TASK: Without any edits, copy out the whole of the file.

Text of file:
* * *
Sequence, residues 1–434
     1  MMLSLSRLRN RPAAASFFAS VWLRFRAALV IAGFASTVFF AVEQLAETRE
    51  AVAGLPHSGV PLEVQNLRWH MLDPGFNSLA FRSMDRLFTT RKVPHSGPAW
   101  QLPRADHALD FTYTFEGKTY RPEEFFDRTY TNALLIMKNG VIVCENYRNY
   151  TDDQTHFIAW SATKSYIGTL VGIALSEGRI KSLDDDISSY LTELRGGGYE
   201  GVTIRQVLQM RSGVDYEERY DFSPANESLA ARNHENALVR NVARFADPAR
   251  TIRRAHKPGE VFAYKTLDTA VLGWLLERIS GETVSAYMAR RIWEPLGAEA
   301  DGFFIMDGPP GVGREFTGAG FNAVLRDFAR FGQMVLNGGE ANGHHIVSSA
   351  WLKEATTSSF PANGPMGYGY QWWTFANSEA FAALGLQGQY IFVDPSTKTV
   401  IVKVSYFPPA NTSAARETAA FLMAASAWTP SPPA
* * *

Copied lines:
Sequence, residues 1–434
     1  MMLSLSRLRN RPAAASFFAS VWLRFRAALV IAGFASTVFF AVEQLAETRE
    51  AVAGLPHSGV PLEVQNLRWH MLDPGFNSLA FRSMDRLFTT RKVPHSGPAW
   101  QLPRADHALD FTYTFEGKTY RPEEFFDRTY TNALLIMKNG VIVCENYRNY
   151  TDDQTHFIAW SATKSYIGTL VGIALSEGRI KSLDDDISSY LTELRGGGYE
   201  GVTIRQVLQM RSGVDYEERY DFSPANESLA ARNHENALVR NVARFADPAR
   251  TIRRAHKPGE VFAYKTLDTA VLGWLLERIS GETVSAYMAR RIWEPLGAEA
   301  DGFFIMDGPP GVGREFTGAG FNAVLRDFAR FGQMVLNGGE ANGHHIVSSA
   351  WLKEATTSSF PANGPMGYGY QWWTFANSEA FAALGLQGQY IFVDPSTKTV
   401  IVKVSYFPPA NTSAARETAA FLMAASAWTP SPPA